Because President's Day coincides with many schools' winter breaks, and because it's hard to resist trading the dark cold winters for the perfect weather of the islands, this is the most popular week to visit St. Croix. In essence, it's the height of high season. Restaurants are crowded, hotels are fully booked, beaches are well attended, and the roads have cars with drivers trying hard to remember to stay on the left.

For locals and tourists alike, the weekends are jammed with tempting activities. Last weekend we had Friday Sunset Jazz, the Good Hope Art Exhibit, the Mardi Croix Parade, The Fur Ball to raise funds for the Animal Welfare Center, the Agricultural Fair and the play "Once Upon a Mattress." This coming weekend there will be the Sea Creatures Masquerade Ball to raise funds for the St. Croix Environmental Association, a full Crucian pig roast at Mt. Victory Camp to benefit Haiti Community Support, plus live music everywhere, including Kurt Schindler at the Domino Club.

Living here, there's only so much energy/time/money to do everything. Sometimes, a simple day on the beach is enough, but it's nice to know all of these good things are happening around us.

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Monday, February 19, 2007

Good Hope Exhibit

Last Friday night we attended the opening reception for the Good Hope Art Exhibit. It was a new experience for me as this was my very first exhibit. We arrived to a line that snaked out the door, and inside the place was packed. A fellow exhibiter had told me earlier that she found it agonizing to have her art out on display for critique. "You're bearing your soul!"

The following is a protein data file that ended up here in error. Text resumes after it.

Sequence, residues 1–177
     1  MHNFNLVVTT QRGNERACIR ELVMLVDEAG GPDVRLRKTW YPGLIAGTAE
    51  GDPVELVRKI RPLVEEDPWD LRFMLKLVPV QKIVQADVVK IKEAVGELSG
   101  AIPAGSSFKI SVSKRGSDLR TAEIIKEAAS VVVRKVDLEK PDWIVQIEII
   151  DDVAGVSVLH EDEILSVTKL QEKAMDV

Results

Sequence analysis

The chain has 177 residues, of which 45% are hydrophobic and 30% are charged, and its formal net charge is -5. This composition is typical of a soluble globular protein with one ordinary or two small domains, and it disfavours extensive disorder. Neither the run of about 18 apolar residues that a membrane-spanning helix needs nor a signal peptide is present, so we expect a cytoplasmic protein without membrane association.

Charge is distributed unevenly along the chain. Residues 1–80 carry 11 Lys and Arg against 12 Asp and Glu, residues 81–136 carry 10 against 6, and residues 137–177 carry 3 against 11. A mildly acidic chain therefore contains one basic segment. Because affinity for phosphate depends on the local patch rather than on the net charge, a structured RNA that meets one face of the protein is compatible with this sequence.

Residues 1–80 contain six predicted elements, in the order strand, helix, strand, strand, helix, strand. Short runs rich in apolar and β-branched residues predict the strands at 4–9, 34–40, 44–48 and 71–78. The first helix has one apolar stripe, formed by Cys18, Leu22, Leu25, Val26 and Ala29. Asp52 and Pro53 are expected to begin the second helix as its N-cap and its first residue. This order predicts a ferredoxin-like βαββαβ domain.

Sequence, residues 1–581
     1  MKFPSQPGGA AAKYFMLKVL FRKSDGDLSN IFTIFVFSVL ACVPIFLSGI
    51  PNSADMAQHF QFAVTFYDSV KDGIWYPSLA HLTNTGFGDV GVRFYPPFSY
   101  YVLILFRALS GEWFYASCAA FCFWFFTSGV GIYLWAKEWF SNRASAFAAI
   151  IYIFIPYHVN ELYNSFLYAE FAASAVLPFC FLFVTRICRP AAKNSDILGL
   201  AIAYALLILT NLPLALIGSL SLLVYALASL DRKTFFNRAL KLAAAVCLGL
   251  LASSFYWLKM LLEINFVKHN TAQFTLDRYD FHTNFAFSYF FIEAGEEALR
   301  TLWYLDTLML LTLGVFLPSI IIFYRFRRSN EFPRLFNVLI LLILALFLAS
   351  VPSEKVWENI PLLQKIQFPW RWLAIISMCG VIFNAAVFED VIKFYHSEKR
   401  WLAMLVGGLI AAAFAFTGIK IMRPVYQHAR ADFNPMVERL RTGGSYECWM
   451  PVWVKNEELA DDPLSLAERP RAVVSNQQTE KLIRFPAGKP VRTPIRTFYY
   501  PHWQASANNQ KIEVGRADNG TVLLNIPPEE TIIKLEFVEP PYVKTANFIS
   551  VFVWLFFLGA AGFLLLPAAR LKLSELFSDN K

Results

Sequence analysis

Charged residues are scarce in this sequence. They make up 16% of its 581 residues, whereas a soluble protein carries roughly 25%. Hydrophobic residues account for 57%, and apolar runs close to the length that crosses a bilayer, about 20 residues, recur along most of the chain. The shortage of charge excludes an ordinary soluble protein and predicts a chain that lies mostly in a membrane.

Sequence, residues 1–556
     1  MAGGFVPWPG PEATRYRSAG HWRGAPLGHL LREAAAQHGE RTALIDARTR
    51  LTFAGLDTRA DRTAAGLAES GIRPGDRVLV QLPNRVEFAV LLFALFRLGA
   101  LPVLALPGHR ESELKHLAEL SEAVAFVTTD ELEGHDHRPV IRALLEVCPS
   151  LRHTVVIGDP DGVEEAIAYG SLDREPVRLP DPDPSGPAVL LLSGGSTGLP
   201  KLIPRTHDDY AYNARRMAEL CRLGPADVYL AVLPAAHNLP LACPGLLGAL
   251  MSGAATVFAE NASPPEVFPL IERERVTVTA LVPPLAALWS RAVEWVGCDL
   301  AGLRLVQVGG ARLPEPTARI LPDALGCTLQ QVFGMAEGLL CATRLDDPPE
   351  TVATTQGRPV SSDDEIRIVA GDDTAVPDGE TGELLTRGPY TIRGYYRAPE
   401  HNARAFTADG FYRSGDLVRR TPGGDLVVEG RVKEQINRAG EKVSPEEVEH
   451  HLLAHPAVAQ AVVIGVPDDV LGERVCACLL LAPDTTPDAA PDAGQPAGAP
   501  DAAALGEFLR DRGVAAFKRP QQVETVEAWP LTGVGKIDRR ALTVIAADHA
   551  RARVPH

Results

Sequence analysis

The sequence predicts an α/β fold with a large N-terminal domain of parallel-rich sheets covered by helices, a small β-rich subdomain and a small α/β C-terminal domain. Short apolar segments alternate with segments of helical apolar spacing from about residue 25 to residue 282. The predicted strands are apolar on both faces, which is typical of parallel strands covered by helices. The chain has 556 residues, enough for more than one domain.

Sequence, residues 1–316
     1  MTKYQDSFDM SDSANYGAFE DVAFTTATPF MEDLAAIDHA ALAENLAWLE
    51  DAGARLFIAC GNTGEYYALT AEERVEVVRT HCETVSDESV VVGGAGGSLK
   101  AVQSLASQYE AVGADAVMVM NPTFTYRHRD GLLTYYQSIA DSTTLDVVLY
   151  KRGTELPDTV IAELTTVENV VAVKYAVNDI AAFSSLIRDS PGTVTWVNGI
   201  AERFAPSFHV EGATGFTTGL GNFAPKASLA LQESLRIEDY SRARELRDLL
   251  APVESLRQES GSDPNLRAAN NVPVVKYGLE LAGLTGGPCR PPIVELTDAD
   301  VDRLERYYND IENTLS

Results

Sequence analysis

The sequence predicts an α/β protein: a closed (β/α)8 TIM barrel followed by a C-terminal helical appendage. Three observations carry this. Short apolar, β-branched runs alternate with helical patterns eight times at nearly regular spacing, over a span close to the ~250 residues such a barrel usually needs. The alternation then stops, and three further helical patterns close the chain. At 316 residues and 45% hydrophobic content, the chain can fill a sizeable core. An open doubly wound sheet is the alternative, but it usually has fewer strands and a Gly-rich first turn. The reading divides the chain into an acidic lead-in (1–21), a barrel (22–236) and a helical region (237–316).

For me, the experience was more abstract. I felt detached from my work. It was as if the act of hanging them up for display released any attachments I had to these pieces. What I kept was the excitement I felt when I created them; the pleasure of hours at the studio immersed in my work while listening to great music or a fine audible book.

I did receive very encouraging feedback from the audience. But for me, the most rewarding feedback was when the director of the program told me that my quilts were a big hit with the Good Hope students. I love it that the kids got it, so next year I'll be doing a demo for the kids, and I'm thoroughly looking forward to it.

Here's a picture of the exhibit space:

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Thursday, February 15, 2007